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Crushed Matilda at centre of ref howler breaks silence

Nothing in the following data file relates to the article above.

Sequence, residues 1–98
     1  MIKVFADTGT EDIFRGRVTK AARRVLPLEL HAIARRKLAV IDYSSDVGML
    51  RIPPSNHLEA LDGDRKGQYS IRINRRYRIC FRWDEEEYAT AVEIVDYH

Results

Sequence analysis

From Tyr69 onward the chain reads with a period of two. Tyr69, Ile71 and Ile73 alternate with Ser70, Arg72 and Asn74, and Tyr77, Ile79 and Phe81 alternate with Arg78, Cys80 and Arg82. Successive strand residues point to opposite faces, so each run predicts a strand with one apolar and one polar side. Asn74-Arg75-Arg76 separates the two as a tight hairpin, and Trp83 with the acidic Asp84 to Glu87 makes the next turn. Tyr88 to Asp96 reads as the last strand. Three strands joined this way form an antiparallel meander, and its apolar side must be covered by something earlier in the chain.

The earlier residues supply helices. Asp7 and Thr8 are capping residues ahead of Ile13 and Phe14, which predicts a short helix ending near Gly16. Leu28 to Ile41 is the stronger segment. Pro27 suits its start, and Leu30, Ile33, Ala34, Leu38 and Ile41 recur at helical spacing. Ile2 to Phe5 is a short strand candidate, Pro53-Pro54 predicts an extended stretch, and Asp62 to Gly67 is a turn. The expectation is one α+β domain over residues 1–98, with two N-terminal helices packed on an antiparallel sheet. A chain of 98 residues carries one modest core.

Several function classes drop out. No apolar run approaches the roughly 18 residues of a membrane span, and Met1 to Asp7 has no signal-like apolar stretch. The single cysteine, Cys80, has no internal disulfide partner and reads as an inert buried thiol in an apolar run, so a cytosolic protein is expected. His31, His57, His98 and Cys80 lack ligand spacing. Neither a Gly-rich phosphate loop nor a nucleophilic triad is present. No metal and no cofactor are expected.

The Matildas – who on Tuesday will dust themselves off and start building towards their Olympic bronze medal match against the United States – are still befuddled by the controversial call that disallowed a Sam Kerr goal in the closing stages of the first half.It was a defining moment of the match given the cruel sucker punch that was to come from Fridolina Rolfo less than a minute into the second half.Kerr had volleyed Steph Catley’s free kick home at the near post only for referee Melissa Borjas to rule Matilda Emily van Egmond, further down the line of players, had blocked the run of Swedish defenders, leaving the Matildas up in arms. Van Egmond, still processing the incident after the match, said: “One hundred per cent that was a fair goal.”Promo“Personally I didn’t think there was much contact at all … I thought the girl ran into me and I am actually not too sure if there was anything at all in it.“The ref called me for a potential block … look we still have a game to play and a chance to get a medal so we’ll rest up and recover best we can.“It’s a tough tournament … but we have huge ambitions to win a medal.”When asked if the referee should have held her whistle instead of blowing it before the goal went in and checked with the VAR, Edmund added: “She blew the whistle before the goal was scored.“The whole point of VAR, isn’t it to go back and check?”Matildas coach Tony Gustavsson said he was “disappointed” to have the goal disallowed and he needed to see the replays to understand the call, while vice-captain Steph Catley was perplexed.Catley said: “I didn’t get to speak to the referee. She didn’t answer me.”“She didn’t say why it was disallowed — but maybe some of the other girls were able to speak to her. But it didn’t look like anything clear in my opinion.”Gustavsosn added: “Before the game everyone talked about Sweden being the best team in the tournament, playing fantastic attacking football.“We showed from the first minute that we wanted to dominate this game, there was no fear whatsoever.“I’m extremely disappointed right now but I am proud of our performance and we have a bronze game coming up.”They will now face the United States, who lost to Canada 1-0 in the earlier semi-final, in Thursday’s bronze medal match — but without star defender Ellie Carpenter, who will be suspended after being sent off in the 95th minute.‘INCREDIBLE’ MATILDAS WON’T GIVE UP ON HISTORY Joe Barton The Matildas will pick themselves up off the canvas from Monday night’s controversial semi-final defeat to Sweden as they eye a piece of history: Australia’s first Olympic football medal.Moments after tasting defeat to the world’s No. 5 team for the second time in a fortnight — thanks to a mind-boggling decision to strip Sam Kerr of the game’s opener, and a freakishly lucky Sweden goal — the Matildas turned their attention to the top-ranked USA.The two teams will clash in Kashima on Thursday in the bronze medal match, a game which could be an afterthought for the four-time winners America but means the world to Kerr and her golden generation.“We know we’re a special team and we know we can do something special, but now is the time,” Kerr said.“We’re not going to be happy going home empty-handed — so unless we go home with something round our neck it’s going to be a disappointment to us.”Going into the Sweden game, Kerr was one of seven Matildas to have played more than 300 minutes during this tournament – prompting suggestions the talismanic striker could be in for a reduced role in Yokohama on Monday.Instead, she powered through another gutbusting 90 in the heartbreaking defeat before declaring she was a certain starter on Thursday.“I’m just tired. We all are,” Kerr said.“It’s not just this tournament. I think we’ve been going since last July when we started pre-season. It is what it is. But we get a buzz from there being a medal at stake so I’ll be ready come USA.”Coach Tony Gustavsson was careful with his words in the post-match press conference, but the normally upbeat mentor was clearly livid with the unfortunate series of events that led to his team being dumped from the gold medal rounds.He faces a tricky task in order to pick his troops off the floor for one final tilt at a historic medal, but it’s one he started when he pulled the squad into a huddle in the middle of the Yokohama International Stadium with Sweden’s celebrations still ringing around the empty arena.“I’m extremely disappointed right now and very emotional so I’m trying to not talk too much to be honest,” Gustavsson said.“(In the huddle) I said I was proud of their performance but very disappointed by the result and just said we have unfinished business and make sure we perform as well in the bronze game.”Star wingback Steph Catley said the belief within the squad was something she’d never experienced before and believed that would lift them into their pursuit of a medal against the USA, who they drew 0-0 with in the group stage.“We came here with the ultimate goal of making the final and winning gold. We have to refocus pretty quickly because we came here to win a medal and we’ve still got that opportunity,” she said. “The football we’re playing right now is incredible. So proud of the girls and the effort and way we go about it.“I’ve never had this feeling in this team before in terms of the belief and genuinely thinking we’re capable of beating anyone on any given day. It’ll be another test for us but we’re definitely up for it.”REF BLUNDER COSTS MATILDAS GOLD MEDAL SHOT Joe Barton and Selina SteeleIt was the biggest game in Matildas’ history – and it took one of the biggest blunders to crush their Olympic gold medal hopes.Australia had every reason to be furious following their brutal 1-0 semi-final defeat to Sweden – which robbed them of a chance at playing Canada in Friday’s gold-medal match – after superstar Sam Kerr was controversially denied the game’s opening goal.In the shadows of the halftime, Kerr looked to have scored her sixth goal of the tournament when she beat Sweden’s Hedvig Lindahl after latching on to a superb, curling Steph Catley freekick in the 43rd minute.It was a magnificent volley from Australia’s inspirational leader – which should’ve given the Matildas a vital halftime lead, if not for a stunning ruling in the lead-up which scratched it from the history books.Referee Melissa Borjas ruled midfielder Emily van Egmond was the guilty party for her role in the penalty box scrum from which Kerr burst.But van Egmond’s actions seemed minimal at best and Australia had every right to wonder why play couldn’t have run on – which would’ve allowed VAR to analyse it with a fine-tooth comb.In finals of this magnitude, matches can be decided by the barest of margins and one mistake. On this occasion, the mistake may have come from Borjas.“It is what it is, I feel like that’s the first one they’ve called all tournament, but that’s football,” Kerr said of her disallowed goal.“It sucks to lose like that off one crappy goal.“It sucks to go out like that, but we’ve got a bronze medal we can win still so we’ve got to regroup. Obviously it hurts tonight and we’ll be disappointed, but we’ll be back and ready for the USA.”If the Matildas were unlucky before halftime, worse was to come.With the first attacking raid of the second half, a deflected shot from Filippa Angeldal took a wicked bounce in front of Australian keeper Teagan Micah – the ball bouncing over her outstretched hand before rebounding off the crossbar into the path of Fridolina Rolfo.The Swedish striker, who banged in two goals during their group stage win over Australia, skilfully slotted home with Micah still on her heels.The twin blows signalled a brutal end to the Matildas’ magnificent gold medal campaign.Try as they might, despite dominating possession and field position and sending relentless attacking raids, Australia would never get another chance as good as the one that was snuffed out late in the first half.Catley stung the gloves of Lindahl in the 74th minute with a fierce stroke from close range.Teenager Mary Fowler was injected, and immediately put Sweden’s defence on notice, while Ellie Carpenter gave her all to the point where she was shown a red card for a last-ditch attempt to save a goal.Alanna Kennedy fired a free kick over the cross bar. And not even Kerr could conjure the miraculous this time, though she came close when given a sliver of a headed chance with three minutes remaining.But it wasn’t to be, and Australia fell to their knees amid cries of anguish that rang around the nearly-empty 70,000 seater stadium.Instead, Australia will head back to Kashima – the scene of their famous 4-3 quarter-final defeat of Great Britain – where the USA will be waiting in the bronze medal match.Tony Gustavsson will have to pick his squad up from Monday’s crushing disappointment, because a bronze medal would still be a momentous achievement for the Matildas’ golden generation.Olympics – Medal Tally – Top 5